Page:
The Podcast That Made $17m in 72 Hours

How much do your listeners care?

Over the weekend the hosts kept tweeting the latest totals - $5, $10m, $15m - up and up it kept going. “If we go over $20m we’ll break the little totaliser graphic, they’ve never had anyone go up this high”.

They had already generated $3.5m before Friday. As of writing, they’re up to $22.1m and it keeps growing.

Sadly, for them, the money doesn’t go to the hosts, or the producers, or the company behind it. It’s going to a campaign - Get Mitch or Die Trying.

The podcast is Pod Save America from Crooked Media. It was set up shortly after the 2016 election by ex-Obama staffers Jon Favreau, Jon Lovett, and Tommy Vietor frustrated by the election of Donald Trump. They’d had a bit of podcast experience before, presenting a show Keepin’ It 1600 from The Ringer. This one they had decided to do themselves.

The show worked because they had been inside the White House, they understood how politics (used to) work, they were political professionals and they were angry. They were also funny too. The show captured the imagination of progressives, many who were as slack jawed in shock as the hosts.

It also did something that hadn’t really happened before. It was successful left-wing talk radio (albeit delivered to phones).

Right-wing talk radio works because it loves having enemies. It wallows in righteous indignation. Whenever the left has tried, they just can’t be as angry, they end up trying to be fair - and that just isn’t as entertaining. The rise of Trump, however, created an opening.

Off the back of Pod Save America, their company, Crooked Media (a play on a Trumpian remark) launched a suite of podcasts (there’s 12 in the network), sells out live shows and has built out the editorial at

To me though, what’s interesting is that they’ve spent a huge amount of time and effort (and I guess money) on campaigning efforts. This combines general ‘get out hte vote’ consumer action with Vote Save America, helping their fans become activists by encouraging phone banking, as well as raising money directly for Democratic candidates.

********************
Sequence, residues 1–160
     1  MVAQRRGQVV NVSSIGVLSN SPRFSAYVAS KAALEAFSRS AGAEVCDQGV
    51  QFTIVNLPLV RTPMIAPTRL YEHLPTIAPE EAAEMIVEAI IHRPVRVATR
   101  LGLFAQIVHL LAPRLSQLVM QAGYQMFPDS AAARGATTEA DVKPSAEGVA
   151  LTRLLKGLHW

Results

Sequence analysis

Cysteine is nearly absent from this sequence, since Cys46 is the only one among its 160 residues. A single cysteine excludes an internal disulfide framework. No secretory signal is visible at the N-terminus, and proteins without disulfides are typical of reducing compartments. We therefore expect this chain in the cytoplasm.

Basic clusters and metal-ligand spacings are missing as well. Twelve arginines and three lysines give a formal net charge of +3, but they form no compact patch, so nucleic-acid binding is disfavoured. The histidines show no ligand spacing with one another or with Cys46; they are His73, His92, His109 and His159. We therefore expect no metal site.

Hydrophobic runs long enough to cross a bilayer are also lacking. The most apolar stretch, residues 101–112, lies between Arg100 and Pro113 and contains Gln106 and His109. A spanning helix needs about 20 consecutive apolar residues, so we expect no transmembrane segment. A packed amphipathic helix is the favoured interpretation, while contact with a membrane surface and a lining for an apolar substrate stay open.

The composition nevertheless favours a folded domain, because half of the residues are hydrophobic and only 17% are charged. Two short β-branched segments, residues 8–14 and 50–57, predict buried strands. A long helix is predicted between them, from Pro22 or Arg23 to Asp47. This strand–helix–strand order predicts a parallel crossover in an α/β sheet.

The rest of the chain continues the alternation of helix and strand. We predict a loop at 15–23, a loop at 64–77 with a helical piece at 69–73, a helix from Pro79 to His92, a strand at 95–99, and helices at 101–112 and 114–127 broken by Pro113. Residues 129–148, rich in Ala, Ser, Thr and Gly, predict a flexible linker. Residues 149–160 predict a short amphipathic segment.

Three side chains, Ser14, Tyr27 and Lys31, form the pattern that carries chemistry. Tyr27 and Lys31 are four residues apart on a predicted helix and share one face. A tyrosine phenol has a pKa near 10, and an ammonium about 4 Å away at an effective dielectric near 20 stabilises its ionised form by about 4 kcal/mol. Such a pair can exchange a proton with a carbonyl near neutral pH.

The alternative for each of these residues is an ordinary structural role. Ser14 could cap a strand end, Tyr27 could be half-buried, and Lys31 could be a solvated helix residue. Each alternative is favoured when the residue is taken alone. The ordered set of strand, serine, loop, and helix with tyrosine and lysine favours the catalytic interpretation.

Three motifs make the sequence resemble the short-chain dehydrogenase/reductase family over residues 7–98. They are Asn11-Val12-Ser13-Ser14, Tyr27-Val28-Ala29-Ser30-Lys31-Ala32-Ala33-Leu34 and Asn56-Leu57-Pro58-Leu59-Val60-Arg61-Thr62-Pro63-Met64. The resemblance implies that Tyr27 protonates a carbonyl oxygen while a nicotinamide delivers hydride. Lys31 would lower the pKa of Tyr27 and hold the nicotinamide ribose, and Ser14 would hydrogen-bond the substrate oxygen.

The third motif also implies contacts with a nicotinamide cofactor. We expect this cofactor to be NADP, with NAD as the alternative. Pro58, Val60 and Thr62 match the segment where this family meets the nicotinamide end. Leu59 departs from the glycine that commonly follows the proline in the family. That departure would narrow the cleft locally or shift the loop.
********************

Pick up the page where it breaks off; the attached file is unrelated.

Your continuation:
What they’ve done is something that many media companies think about and try to do - activate and monetise their audience.

What’s interesting about all their campaigning efforts, is that they fit in with their core brand and business. They’ve positioned themselves as Democrats that are passionate about doing what they see is right, pointing out hypocrisy, identifying where you can help, all whilst having fun.

The reason they raised so much money for Get Mitch or Die Trying was that they had, at first, identified an angle.

They knew that many Democrats wanted to donate money to help beat Donald Trump, but they weren’t sure how best to do it. So they created a fund that split donations to Senate campaigns that with a bit of a push could be successful. But they would only pick campaigns who weren’t raking in the money themselves. The obvious swingables would have loads of money pouring in from the Democratic Party as well as Super PACs, there’s would go to the rest.

They took their expertise and packaged it up into an easily actionable campaign. They also made it fun. Getting rid of Mitch McConnell (the Republican who chairs the Senate) made it easy to sell. Here’s their video about it.

The campaign had been running for over a year and had done well, generating $3.5m. They use the Democrats funding platform Act Blue, so all donations were automatically split and donated (they don’t get a dime).

Where it really took off though, was as the death of Supreme Court Justice Ruth Bader-Ginsburg was announced on Friday. This was a big deal for Democrats as it meant that Trump would be able to put another right-wing, and probably relatively young, Justice on the Court. It’s especially annoying for many as Mitch McConnell managed to stop Obama putting a Justice on, arguing that with 269 days to go before the 2016 election that it wasn’t appropriate to do so. This time round, with 46 days to go and within a few hours of RBG dying, he announced he was going to put Trump’s pick to the Senate to vote for. Mega hypocrisy and on-brand for Mitch.

It was a great hook to re-mention the fund-raiser.

Four years of running a consistent product had generated them a legion of fans. Their Twitter accounts with engaged users meant when they tweeted about it, it was to the right audience, with the right material at exactly the right time. It solved a problem for their listeners. A way to channel their anger. It could be easily spread to people they knew with similar beliefs. The network effect meant the campaign activated over 247,000 donors.

Now while they may have not taken a cut, the benefits to the show and company are huge.

Part of their success comes from being the pre-eminent independent Democrat media. With the ability to channel this money and attention they become essential to any candidate, it drives their influence and their access. It’ll make it easier to do their day job and grow their media business. Why would anyone in the Democratic community not want to support their effort, or shows?

In a world where competing for attention is the key battle and where creating content requires access - working out how to super charge an audience becomes valuable not just for you, but for others too.

The broadcast business model is a fine one. Be a broad church that can sell scale. It’s a model that only really does well when you don’t turn people off. The Pod Save America team have gone a different direction, proving how well you can do when you turn listeners on.

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